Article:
How do you discover the power of embroidery in art?
My first contact with textile art and embroidery in contemporary art was with Beth Moysés, Rosana Paulino and Rosana Palazyan – these three incredible Brazilian artists approached embroidery through different lenses to discuss gender violence and gender inequalities only by subverting one of the techniques that for a long time serve as a way of oppression for women. I found it was brilliant what they were doing, but it never crossed my mind that I would actually become an embroidery artist. I loved exploring the relationship between art & gender and from the very start my work has been about women. In the middle of my undergraduate studies I was feeling overwhelmed and embroidery started coming back – it was clear for me that it was time to learn this technique just for fun. In 2016 I started embroidering textiles and I had a huge breakthrough in my healing journey by embroidering a series of written textiles related to a very traumatic experience of my life. I kept embroidering and I realized that it was a really powerful way to bring new perspectives on themes that I wanted to address through my practice and there was also something really powerful about embroidering someone else’s memories when I chose to start work with embroidered found and family photographs. Embroidery has helped me reclaim my voice after so many years feeling like I didn’t belong and that no one was listening to what I had to say. It has been such an effective tool to do inner work and it is one of the reasons that I am obsessed with it. It’s been 4 years that I started teaching embroidery on photos for teenagers and adults – mostly women – and in each group at least one person falls in love with this possibility of rewriting a story and giving new meanings to memories. I was aware that the technique was helping my own journey but seeing changes in other people’s lives made me realize that this is a magical technique and that one of my missions here is to spread the healing aspect of embroidery on photographs.
When did you have the idea of using embroidery in photographs?
When I decided that I wanted to start embroidering, I enrolled in an embroidery course. During one of the modules one of the prompts was to embroider a photograph and even though it was the embroidered vintage photo by one of my mentors was one of the prettiest things I’ve ever seen, the experience was terrifying for me and it took me almost a year to embroider a photograph again! But once I decided I should give it another try I couldn’t stop anymore!
I saw that you’re preparing some collective exhibitions for this year, and also a solo exhibition. Can you tell us anything about them?
Absolutely! I’ve been quite busy with several group shows happening all around the world and also my solo show! A common theme of these group shows is healing through art and supporting one another through challenging times. Right now you can find my work on view in the group shows “State of Repair” by The Vacant Museum, USA, and “Riveter” by The Wonders of Women Museum, USA. Starting the 28th April “Different Brushstrokes” is happening in Belgium and April 30th I have the opening of the show “Born Free Live Wild”, Canada. Anytime now “Mostra MuSEU”, co-curated by The Covid Art Museum will take place in the streets of São Paulo, Brazil! I feel truly grateful to have my work featured in such powerful group shows that are happening both virtually and in person.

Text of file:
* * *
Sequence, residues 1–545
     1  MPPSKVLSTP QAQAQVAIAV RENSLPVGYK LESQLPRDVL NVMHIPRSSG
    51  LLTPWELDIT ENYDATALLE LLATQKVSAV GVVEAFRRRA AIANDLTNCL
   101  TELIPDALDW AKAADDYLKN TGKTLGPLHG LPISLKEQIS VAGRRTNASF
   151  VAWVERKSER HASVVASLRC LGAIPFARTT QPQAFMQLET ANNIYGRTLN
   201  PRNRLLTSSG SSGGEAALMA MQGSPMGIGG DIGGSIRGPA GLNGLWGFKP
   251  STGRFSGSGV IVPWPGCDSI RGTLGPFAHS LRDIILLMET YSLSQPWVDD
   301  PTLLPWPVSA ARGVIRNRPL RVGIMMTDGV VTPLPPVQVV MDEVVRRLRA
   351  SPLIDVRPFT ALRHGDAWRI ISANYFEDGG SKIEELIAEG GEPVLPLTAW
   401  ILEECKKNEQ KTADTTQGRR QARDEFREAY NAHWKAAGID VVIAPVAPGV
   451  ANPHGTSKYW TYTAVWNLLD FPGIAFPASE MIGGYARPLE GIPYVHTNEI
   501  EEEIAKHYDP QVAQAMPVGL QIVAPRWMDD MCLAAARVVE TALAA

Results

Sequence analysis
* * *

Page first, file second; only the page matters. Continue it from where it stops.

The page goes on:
And about your solo exhibition ‘When you’re a woman which is open for online visitation until august 2021?
One of my projects for last year was having an in person solo show at The Museum of Image and Sound in Santos, Brazil. Due to the pandemic, this show was postponed several times and I understood that I should try a different approach, having it virtually for now. “When You’re a Woman”, curated by Katia Canton, takes you into a journey of 50 embroidered works created between 2017 and 2021. It’s an homage and celebration of women and the presented works are divided in 4 areas that are intertwined: Affection, Resistance, Hope and Magic. Everything of the show is presented both in Portuguese and English and you can visit the exhibition until 11th August here.
Did the pandemic affect your work? If yes, how?
Absolutely. Since the pandemic started I feel that I’m being more creative in other aspects of my life. I’m not creating as many artworks as before, however since the lockdown I started I co-funded an art publication -Photo Trouvée Magazine- I wrote a book that is coming out June – Stitching Photographs: a Powerful Act – and even though I still embroider photographs, I’m taking off the pressure of creating a certain number of artworks like before. I’m listening more to my needs and trying to be gentler with myself and my art practice.
When it comes to aesthetics, I believe the pandemic encouraged me to explore more the use of colors and visual elements that I embroider in the photos, until 2019 the inserted text was the most important thing of my pieces, and now I feel that I’m giving myself permission to try new things and to add more elements to the photos too. The themes of the embroidered photos have also slightly changed: right now I’m more focused on spreading messages of hope and affection, as well empowering messages through the use of affirmation as a way to heal and to feel that we belong.
For more information about Juliana’s work:
Check her website, her profile on Instagram or the Instagram of Photo Trouvée Magazine or you can write an email to firstname.lastname@example.org.
All the images were kindly provided by the artist.